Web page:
Lawrence Ferlinghetti, the poet, publisher, painter and political activist who co-founded the famous City Lights bookstore in San Francisco and himself became a city icon, has died at the age of 101.
Ferlinghetti died at home on Monday evening. His son Lorenzo said the cause was interstitial lung disease.
Ferlinghetti was born in Yonkers, New York in 1919. His father died before he was born and his mother was interned in a mental hospital, leaving him to be raised by his aunt. At the age of seven, her aunt, then housekeeper for a wealthy Bronxville family, abruptly fled, leaving Ferlinghetti in the care of her employers. After university studies in North Carolina, he became a journalist in 1941, then joined the US Navy during World War II. While studying for his doctorate at the Sorbonne in Paris on the GI Bill, he began to write poetry.
Returning to the United States in 1951, he was drawn to California to start anew. “San Francisco had a Mediterranean feeling about it,” he told The New York Times. “I felt it was a bit like Dublin when Joyce was there. You can walk down Sackville Street and see everyone of any importance in one walk.
In 1953, he co-founded the City Lights bookstore and publishing house with his friend Peter Dean Martin, who left shortly after, with the mission of democratizing literature and making it accessible to all. “We were young and dumb,” he told the Guardian in 2019. “And we didn’t have any money.
While most bookstores in the United States closed early and on weekends at the time, City Lights remained open seven days a week and late into the night, fostering a counter-cultural community that attracted people like Jack Kerouac and Allen Ginsberg. City Lights initially focused on selling paperbacks, cheaper but despised by the literary establishment, and publishing poetry, quirky and radical books like Kerouac, Ginsberg, Paul Bowles, Gary Snyder and Gregory Corso.
In 1955, Ferlinghetti heard Ginsberg Howl’s founding poem first read at the Six Gallery in North Beach. The next day, he sends a telegram to Ginsberg: “HELLO YOU AT THE START OF A GREAT CAREER. STOP. WHEN SHOULD I GET THE HOWL MANUSCRIPT? The epic poem was printed in Britain and shipped to San Francisco, where the copies were seized. Ferlinghetti and Ginsberg were arrested for obscenity in 1957.
“I was not worried. I was young and stupid. I thought I would do a lot of reading in prison and they wouldn’t keep me there forever. And, anyway, that really put the book on the map, ”Ferlinghetti told The Guardian. Having previously sent the poem to the American Civil Liberties Union, “to see if they would defend us if we were arrested,” the ACLU successfully defended the poem in a trial that lasted for months. The verdict set an important precedent to reduce censorship and heralded new freedom for books around the world, while also making the two men famous around the world.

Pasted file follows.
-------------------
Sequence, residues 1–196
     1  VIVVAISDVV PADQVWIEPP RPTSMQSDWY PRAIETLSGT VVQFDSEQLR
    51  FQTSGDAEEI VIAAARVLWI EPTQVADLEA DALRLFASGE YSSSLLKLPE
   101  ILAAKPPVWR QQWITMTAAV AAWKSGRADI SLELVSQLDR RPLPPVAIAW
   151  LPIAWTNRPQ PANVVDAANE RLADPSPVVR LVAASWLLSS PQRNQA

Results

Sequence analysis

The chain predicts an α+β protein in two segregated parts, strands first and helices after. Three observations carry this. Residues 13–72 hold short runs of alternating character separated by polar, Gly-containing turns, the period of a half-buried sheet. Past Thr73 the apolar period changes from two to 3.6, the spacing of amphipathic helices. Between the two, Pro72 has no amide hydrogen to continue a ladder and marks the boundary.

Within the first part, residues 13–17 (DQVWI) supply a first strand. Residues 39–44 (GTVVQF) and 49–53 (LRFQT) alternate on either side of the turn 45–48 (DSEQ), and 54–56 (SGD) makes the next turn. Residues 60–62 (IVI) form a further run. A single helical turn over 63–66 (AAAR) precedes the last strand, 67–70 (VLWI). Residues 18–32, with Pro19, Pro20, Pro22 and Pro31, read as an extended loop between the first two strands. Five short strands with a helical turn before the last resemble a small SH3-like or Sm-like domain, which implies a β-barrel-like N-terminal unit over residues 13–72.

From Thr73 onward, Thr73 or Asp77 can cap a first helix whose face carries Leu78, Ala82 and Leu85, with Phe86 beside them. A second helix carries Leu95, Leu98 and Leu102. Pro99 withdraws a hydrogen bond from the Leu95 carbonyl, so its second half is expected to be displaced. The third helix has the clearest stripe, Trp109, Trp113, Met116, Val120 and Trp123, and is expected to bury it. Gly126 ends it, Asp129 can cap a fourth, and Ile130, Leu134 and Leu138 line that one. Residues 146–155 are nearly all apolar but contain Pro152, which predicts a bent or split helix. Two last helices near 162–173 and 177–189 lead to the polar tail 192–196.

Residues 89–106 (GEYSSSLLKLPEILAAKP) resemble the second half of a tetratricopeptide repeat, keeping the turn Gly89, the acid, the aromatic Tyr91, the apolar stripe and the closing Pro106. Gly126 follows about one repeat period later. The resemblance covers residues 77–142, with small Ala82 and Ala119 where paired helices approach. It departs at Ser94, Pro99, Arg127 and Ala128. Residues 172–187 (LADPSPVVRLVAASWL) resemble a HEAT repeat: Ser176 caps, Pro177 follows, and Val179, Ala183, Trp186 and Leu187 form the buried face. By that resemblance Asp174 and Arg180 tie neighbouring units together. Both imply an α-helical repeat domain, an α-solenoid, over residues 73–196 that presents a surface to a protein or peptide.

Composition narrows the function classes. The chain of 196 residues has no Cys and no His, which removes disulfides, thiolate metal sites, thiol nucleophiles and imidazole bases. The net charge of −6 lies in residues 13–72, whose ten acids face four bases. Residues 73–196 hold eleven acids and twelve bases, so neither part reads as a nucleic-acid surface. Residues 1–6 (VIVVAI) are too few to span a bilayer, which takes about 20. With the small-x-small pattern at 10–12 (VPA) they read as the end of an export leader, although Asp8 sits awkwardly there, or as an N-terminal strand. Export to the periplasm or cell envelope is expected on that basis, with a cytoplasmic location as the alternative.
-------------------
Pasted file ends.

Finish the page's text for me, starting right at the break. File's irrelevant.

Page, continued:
In 1958, Ferlinghetti published his first collection, A Coney Island of the Mind, which sold over a million copies. He went on to write more than 50 volumes of poetry, novels and travel journals. As a publisher, he focused his entire life on poetry and books ignored by the mainstream, even as it became more difficult in the face of giant, for-profit presses.
He identified himself as a philosophical anarchist, organizing numerous sit-ins and anti-war protests in City Lights. He viewed poetry as a powerful social force and not reserved for the intellectual elite, saying, “We have to raise consciousness; the only way for poets to change the world is to raise the consciousness of the general population.
Over the following decades, Ferlinghetti became an icon of his city. In 1978, when San Francisco was rocked by the double assassination of city mayor George Moscone and city supervisor Harvey Milk, Ferlinghetti wrote a poem that was published two days later in the San Francisco Examiner. It was titled An Elegy to Dispel Gloom, and he was personally thanked by the city for helping to keep the calm. In 1994, a street was named after him and four years later he was named the first San Francisco Poet Laureate.
He remained active in City Lights until the late 2000s, chatting with fans and tourists who came just to meet the legend. “When he was still there every day, fixing a light bulb or something else, he never turned down someone who wanted to talk to him,” said Elaine Katzenberger, the current store manager. “He usually looked for commonalities to have a little chat with them.”
Although mostly bedridden and nearly blind in his later years, he remained busy, publishing his latest book, Little Boy, on his 100th birthday. A vaguely autobiographical novel, Ferlinghetti refused to describe it as a memoir: “I object to the use of this description. Because a dissertation denotes a very refined type of writing.
In 2019, San Francisco named its birthday, March 24, Lawrence Ferlinghetti Day to mark its centenary, with celebrations throughout the month. In an interview from his bed to mark the occasion, he told The Guardian that he still hopes for a political revolution, even though “the United States is not ready for a revolution … It would take a whole new generation no devoted to the glorification of the capitalist system… a generation not trapped in the me, me, me.
When asked if he was proud of his accomplishments, Ferlinghetti said: “I don’t know, that word ‘proud’ is just too selfish. Happy would be better. Except when you are trying to define the word happy, then you are in real trouble. “